TV Series Review
So a vampire, a ghost and a werewolf move in together.
Seriously. There's no joke setup here, no punch line. We're not even talking about a reimagining of The Munsters. This is the crux of SyFy's semi-serious drama Being Human: three archetypal "monsters" rooming together in Boston.
You'd think there'd be some natural tension, given the living (or in some cases, unliving) situation. What if vampire Aidan spills blood on the carpet? What if Josh the werewolf sheds excessively? And then there's Sally, who never pitches in to wash dishes or pick up the place. As a ghost, it's difficult for her to pick up anything at all.
But the three get along quite well, all things considered. And that's a good thing because, as folks who don't fit neatly into Boston's societal norms, they can use all the friends they can get.
That's the thing about Being Human: It really is about being human—albeit in somewhat monstrous ways. Based on a popular BBC series of the same name, the show uses this curious threesome to explore what it's like to grow up, move out and make your way through this confusing, sometimes hostile world. Aidan, Josh and Sally are as much metaphors as monsters—characters who speak to the inherent alienation that many of us feel every day.
Aidan, part of the ever cool and snooty vampire cliqué, finds he enjoys hanging out with his less-than-hip friends more than folks of his own caste and kind. Josh struggles to keep his inner demons under control, all while trying to reconcile his nature to his family and himself. Sally, killed by her abusive fiancée, finds that she still hasn't escaped the relationship—even in death.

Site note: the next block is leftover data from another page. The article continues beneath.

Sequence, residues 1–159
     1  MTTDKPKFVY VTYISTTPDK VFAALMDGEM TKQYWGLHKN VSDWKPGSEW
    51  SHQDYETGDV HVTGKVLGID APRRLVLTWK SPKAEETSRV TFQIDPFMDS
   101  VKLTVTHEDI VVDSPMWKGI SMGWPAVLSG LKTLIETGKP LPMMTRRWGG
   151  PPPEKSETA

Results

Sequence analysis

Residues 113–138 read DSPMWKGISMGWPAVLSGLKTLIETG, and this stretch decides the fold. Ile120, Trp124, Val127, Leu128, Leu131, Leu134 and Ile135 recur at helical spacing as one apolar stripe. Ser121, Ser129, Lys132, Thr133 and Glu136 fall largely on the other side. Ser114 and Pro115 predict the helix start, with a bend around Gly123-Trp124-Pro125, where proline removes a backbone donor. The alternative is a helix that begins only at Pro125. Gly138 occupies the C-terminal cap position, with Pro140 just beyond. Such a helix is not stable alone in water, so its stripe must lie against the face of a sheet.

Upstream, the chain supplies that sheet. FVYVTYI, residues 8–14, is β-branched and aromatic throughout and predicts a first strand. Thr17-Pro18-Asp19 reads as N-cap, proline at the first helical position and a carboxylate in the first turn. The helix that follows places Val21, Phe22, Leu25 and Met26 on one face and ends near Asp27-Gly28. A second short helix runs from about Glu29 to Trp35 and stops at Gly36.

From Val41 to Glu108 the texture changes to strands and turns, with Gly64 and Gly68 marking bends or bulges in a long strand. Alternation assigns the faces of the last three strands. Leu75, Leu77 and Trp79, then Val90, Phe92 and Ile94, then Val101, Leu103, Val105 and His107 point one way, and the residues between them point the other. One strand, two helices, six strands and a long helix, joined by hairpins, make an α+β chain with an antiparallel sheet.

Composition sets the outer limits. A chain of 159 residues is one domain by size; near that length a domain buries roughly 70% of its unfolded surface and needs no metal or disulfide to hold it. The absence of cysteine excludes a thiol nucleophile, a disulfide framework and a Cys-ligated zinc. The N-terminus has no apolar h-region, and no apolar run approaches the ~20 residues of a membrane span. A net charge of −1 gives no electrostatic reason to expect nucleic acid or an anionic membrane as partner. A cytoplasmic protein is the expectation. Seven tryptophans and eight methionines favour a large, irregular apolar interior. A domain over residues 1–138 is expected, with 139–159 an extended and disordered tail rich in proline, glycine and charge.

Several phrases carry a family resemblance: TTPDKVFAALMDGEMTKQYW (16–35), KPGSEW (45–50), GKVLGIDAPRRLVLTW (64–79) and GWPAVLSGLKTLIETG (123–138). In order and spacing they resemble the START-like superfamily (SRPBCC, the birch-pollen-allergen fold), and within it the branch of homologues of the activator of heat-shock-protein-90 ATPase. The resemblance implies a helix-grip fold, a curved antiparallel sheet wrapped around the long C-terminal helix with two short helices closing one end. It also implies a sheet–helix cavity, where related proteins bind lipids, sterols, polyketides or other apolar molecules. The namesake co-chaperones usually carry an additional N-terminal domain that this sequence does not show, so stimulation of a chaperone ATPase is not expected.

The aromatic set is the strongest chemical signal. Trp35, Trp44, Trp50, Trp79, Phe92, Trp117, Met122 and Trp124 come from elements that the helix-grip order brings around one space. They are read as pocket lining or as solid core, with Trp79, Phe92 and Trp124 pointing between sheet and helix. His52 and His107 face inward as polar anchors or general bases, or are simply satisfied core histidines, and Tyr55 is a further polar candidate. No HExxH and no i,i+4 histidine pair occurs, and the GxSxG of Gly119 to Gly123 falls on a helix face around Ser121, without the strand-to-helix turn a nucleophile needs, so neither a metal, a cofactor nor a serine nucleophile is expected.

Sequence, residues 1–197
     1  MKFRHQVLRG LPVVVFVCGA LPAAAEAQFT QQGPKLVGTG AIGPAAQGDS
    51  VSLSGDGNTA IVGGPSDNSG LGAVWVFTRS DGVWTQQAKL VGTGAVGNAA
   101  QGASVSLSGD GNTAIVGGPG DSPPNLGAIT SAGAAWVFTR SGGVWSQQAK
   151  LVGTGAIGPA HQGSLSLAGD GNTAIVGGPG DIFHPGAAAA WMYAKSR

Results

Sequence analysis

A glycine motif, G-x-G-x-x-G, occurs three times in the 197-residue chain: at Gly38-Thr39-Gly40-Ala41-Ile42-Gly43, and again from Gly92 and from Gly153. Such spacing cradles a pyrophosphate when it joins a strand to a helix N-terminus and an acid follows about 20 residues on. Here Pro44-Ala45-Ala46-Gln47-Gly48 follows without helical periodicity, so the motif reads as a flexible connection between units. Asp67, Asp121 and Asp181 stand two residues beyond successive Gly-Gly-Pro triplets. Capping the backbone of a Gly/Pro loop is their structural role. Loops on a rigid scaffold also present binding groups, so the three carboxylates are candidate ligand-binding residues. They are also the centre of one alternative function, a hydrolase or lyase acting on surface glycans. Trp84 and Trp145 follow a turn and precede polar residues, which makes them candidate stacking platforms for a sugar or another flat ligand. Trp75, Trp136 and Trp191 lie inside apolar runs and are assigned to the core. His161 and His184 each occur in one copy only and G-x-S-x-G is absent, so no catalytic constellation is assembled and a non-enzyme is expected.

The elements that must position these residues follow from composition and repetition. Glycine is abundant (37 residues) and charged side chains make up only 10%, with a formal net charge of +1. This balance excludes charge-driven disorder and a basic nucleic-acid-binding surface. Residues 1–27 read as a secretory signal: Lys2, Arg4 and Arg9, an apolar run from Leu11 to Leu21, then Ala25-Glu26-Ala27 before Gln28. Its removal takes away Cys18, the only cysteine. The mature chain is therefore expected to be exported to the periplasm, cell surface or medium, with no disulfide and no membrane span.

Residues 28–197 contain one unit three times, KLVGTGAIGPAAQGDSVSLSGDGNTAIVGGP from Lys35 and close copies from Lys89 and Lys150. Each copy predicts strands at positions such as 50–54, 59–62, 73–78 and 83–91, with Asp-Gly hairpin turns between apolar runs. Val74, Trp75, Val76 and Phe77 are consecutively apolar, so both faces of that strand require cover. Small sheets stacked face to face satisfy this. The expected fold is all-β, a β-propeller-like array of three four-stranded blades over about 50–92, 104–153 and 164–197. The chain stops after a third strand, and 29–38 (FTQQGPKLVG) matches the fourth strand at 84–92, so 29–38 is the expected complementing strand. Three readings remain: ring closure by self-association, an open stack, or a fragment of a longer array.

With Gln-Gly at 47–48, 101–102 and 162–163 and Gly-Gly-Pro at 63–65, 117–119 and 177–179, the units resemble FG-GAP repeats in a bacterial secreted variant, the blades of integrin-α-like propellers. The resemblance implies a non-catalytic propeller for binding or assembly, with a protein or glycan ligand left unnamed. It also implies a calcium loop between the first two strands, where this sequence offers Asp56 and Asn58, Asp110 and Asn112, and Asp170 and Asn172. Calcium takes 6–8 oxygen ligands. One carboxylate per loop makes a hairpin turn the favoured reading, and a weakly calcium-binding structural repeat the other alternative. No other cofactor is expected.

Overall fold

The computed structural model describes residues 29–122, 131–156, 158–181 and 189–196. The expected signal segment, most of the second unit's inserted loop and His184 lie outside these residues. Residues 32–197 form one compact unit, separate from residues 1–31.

"You don't have to be a fan of any sort of vampire movie or show, or any genre show to watch this show because at the end of the day it's about their relationships and what's happening to each other on a very human level," Anna Frick, one of the show's executive producers, told poptimal.com. "When we talk about these characters, they all want what all of us want which is sort of to be normal. All of us are fighting the monster within, only they are fighting real monsters."
Which makes Being Human better than you'd think. These characters all want to retain, or reclaim, a sense of humanity—not embrace or excuse their less than ideal natures. This show, at least at the outset, is less about accepting yourself for who you are (which is a great message that's lately been taken to an unhealthy extreme in a whole host of other entertainments) as it is about pushing yourself to be better—and along the way, finding a sense of peace and community.
That said, being human also apparently means being violent. And crass. And uninhibitedly sexual. Depending on the episode, viewers can be exposed to nudity, gore, killings and extremely uncomfortable situations. Josh's sister is a lesbian, and Josh's own condition can seem, at times, to serve as a metaphor for closeted homosexuality. Aidan's past murders get screen time. And the show's supernatural and theologically twisted underpinnings run the gamut from dim to dark.
"What we loved about the original series is that it is dark and it does push the envelope," Fricke told TV Guide. "We hope to do the same thing."
And that's being human, too.
Crude or Profane Language
Drug and Alcohol Content
Other Negative Elements
Other Belief Systems
Readability Age Range
Sam Witwer as Aidan; Meaghan Rath as Sally; Sam Huntington as Josh; Gianpaolo Venuta as Danny; Mark Pellegrino as Bishop; Angela Galuppo as Bridget; Vincent Leclerc as Marcus